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A conversation with Suzan Shown Harjo

Tending our patch of garden

Activist, reformer, protestor, mother, wife, daughter, sister, granddaughter, aunt, friend, writer, lecturer, curator, Suzan Shown Harjo's experience with the process of creating Indian law has not drained her patience.

"While the process is slow, it is evolving as it should," she said. "There's nothing tedious about my life. This is cooking over here, legislation is going to take time, I'll see an art show or work on other things. I'm privileged. I go to ceremonies, visit relatives, see important places, my places and other people's places. I see the commonality. I am reinforced, encouraged. I'm able to leave prayers of thanks everywhere."

She's just taking care of her patch of garden, she said.

"It's not always on one person. Those making it about one person are in for a fall. What's good for the people as a whole is to have a lot of good followers."

Leadership voices of today have functional leadership because they understand their part in the collective effort, she said.

"I'm a really good follower, a really good person to have in a group," she said. "But when it's your turn, you need to pony up and do it."

Leadership is a burden, she said. There's a lot of tension in Indian country just like everywhere else. Sometimes someone thinks it'll be a fun thing, but it's hard.

"It's why I like to get behind people in leadership positions," she said. "I've been there, know what not to visit on a leader."

What we all need is a sense of place first. And a sense of our own place second.

"All these things can be learned," she said. "If we're lucky, we have it as a child. If we don't have it, we begin to see what's missing when we have our own children. Wisdom of experience and seeing what's needed are an unbeatable combination. That's what was undertaken between elders and youth through our history."

Indians can not use contractions

The first act of colonization was to change the name of the people, take away their identity.

"It diminished the importance of what they're doing to a lesser place of importance to what the whites were doing," Harjo said.

Returning to the United States at the age of 16 after five years in Italy with her family, Harjo worked in radio and theater production in New York, where she met Frank Harjo. The civil rights struggles of the 1960s rooted her in a cause for religious freedom, civil rights and getting the voice of the people heard.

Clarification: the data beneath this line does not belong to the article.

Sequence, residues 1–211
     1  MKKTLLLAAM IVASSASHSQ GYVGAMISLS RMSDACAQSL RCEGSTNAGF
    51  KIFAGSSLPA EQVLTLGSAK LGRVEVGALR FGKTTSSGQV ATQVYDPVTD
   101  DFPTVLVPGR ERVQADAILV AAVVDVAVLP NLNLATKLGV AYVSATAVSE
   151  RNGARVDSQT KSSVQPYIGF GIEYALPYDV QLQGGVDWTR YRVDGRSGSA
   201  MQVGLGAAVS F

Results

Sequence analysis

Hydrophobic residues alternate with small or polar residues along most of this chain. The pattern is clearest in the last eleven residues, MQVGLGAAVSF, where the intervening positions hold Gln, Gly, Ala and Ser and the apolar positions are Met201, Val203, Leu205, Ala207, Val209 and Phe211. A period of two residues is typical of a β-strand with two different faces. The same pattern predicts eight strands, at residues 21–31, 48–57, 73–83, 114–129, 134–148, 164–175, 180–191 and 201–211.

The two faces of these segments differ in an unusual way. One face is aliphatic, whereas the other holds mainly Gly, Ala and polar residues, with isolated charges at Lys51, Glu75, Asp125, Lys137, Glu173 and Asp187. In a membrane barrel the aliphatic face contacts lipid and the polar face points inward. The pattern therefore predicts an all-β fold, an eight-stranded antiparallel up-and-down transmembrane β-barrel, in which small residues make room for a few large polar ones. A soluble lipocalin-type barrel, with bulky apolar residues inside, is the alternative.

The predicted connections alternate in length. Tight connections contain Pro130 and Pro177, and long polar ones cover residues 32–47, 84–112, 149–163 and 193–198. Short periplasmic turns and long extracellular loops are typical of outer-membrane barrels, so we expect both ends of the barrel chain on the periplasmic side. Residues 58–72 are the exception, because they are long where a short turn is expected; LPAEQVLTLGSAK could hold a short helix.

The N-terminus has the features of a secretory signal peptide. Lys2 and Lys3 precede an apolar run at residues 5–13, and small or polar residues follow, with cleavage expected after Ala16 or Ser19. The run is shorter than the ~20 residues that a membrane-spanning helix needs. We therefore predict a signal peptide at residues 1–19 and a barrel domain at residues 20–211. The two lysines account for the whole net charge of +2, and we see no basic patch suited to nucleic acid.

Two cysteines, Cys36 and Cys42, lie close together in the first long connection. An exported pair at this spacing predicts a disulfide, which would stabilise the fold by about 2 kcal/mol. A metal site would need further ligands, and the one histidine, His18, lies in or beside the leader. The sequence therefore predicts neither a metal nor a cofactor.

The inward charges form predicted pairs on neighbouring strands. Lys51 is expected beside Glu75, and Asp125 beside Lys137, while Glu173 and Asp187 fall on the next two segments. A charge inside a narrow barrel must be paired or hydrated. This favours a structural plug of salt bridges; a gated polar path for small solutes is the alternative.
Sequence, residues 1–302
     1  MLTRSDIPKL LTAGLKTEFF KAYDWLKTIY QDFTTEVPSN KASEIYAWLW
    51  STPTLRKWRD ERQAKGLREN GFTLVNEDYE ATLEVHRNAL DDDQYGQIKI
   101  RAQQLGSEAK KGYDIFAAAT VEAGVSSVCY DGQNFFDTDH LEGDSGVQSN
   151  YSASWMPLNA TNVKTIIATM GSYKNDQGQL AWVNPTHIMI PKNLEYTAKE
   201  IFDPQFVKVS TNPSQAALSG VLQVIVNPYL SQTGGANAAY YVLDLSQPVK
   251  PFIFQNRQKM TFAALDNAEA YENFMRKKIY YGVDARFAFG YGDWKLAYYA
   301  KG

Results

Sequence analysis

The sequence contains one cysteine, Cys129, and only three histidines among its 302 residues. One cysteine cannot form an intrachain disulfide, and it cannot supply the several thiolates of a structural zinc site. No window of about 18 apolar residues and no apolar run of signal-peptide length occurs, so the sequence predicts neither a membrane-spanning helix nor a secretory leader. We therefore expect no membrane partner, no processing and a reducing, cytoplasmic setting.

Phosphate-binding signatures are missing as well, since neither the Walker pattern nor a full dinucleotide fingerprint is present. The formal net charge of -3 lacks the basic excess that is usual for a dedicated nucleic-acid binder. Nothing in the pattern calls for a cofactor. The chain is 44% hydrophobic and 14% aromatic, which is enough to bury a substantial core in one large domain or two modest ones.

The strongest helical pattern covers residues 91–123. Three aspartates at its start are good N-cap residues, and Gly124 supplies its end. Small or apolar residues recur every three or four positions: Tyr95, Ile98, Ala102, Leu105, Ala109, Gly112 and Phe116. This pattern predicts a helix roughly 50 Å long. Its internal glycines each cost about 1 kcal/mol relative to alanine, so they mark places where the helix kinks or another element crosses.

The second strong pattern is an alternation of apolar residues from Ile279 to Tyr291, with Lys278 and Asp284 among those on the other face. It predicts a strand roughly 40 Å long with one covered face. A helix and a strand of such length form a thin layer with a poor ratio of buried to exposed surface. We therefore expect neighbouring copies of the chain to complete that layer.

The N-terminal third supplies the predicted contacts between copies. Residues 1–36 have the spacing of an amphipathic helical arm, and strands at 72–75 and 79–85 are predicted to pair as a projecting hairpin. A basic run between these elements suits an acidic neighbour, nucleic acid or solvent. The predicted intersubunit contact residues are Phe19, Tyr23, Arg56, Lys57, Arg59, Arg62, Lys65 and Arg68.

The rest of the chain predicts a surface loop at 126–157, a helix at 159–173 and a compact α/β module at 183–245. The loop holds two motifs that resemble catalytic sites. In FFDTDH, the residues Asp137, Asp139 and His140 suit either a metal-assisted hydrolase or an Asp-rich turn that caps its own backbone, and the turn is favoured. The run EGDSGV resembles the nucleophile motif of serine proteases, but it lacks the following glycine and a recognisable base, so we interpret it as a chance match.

She and Frank co-produced "Seeing Red," a bi-weekly radio program in New York City, the first Indian news show slated for a regular schedule. Later, Harjo became a founding trustee of the National Museum of the American Indian in New York City with plans to build its counterpart on the Capitol Mall in Washington, D.C. She also developed Red Thunder, an American Indian rock band and has appeared on such shows as Oprah Winfrey Show, Larry King Live, CNN's Talkback Live and C-SPAN's Washington Journal.

But as much as has been accomplished, she still has reason for concern with portrayals of Native people in movies and television. Speaking out against films such as "Dances with Wolves," "The Last of the Mohicans" and "Cheyenne Autumn." Harjo said, "They still don't get it right."

In "Dancing With Wolves," the filmmakers didn't know that Indians did not use contractions.

"And that's one of the better movies," said Harjo.

The stereotypical good white guy placing Indians second and using a language continues to imply Indians are different and out of context of any place.

Notice that white people skip, run and jump but Indians only roam, she said. Instead of music and songs, we chant.

"Our stories can not be done by an outsider," she said. "We need our own people to make the films."

A growing population

"We're one of the fastest growing populations in the country," said Harjo.

In 1492 there were an estimated 50 million Indians in North America. The U.S. Census began including American Indians in the census in 1860. According to the census, the number of American Indians on the continent is rising drastically.

Today there are 281.4 million people living across the continent's 3.5 million square miles, according to the 2000 U.S. Census. Of these, 0.9, or 2.6 million people, are reported to be American Indian and Alaska Native.

"The Census numbers still are the only reliable ones," said Harjo.

Census numbers are estimates, not reflective of the unknown number of people who passed for black or white in order to survive hostilities, or the number that may be reflected in the rising wishes for gaming money.

Early census reports identified people by observation until 1950. In 1970, self-identification replaced the interview and self-identification method of the 1960s and 1970s.

Enumerators were told to identify Mulatto among black populations during the five census reports from 1850 to 1920. An unknown number of Indians identified themselves as black, white or Mulatto to pass unnoticed in a hostile society.

Today, 2.4 percent of the rest of the population, or 683,512 are reported to be of two or more races.

(Continued in Part Four)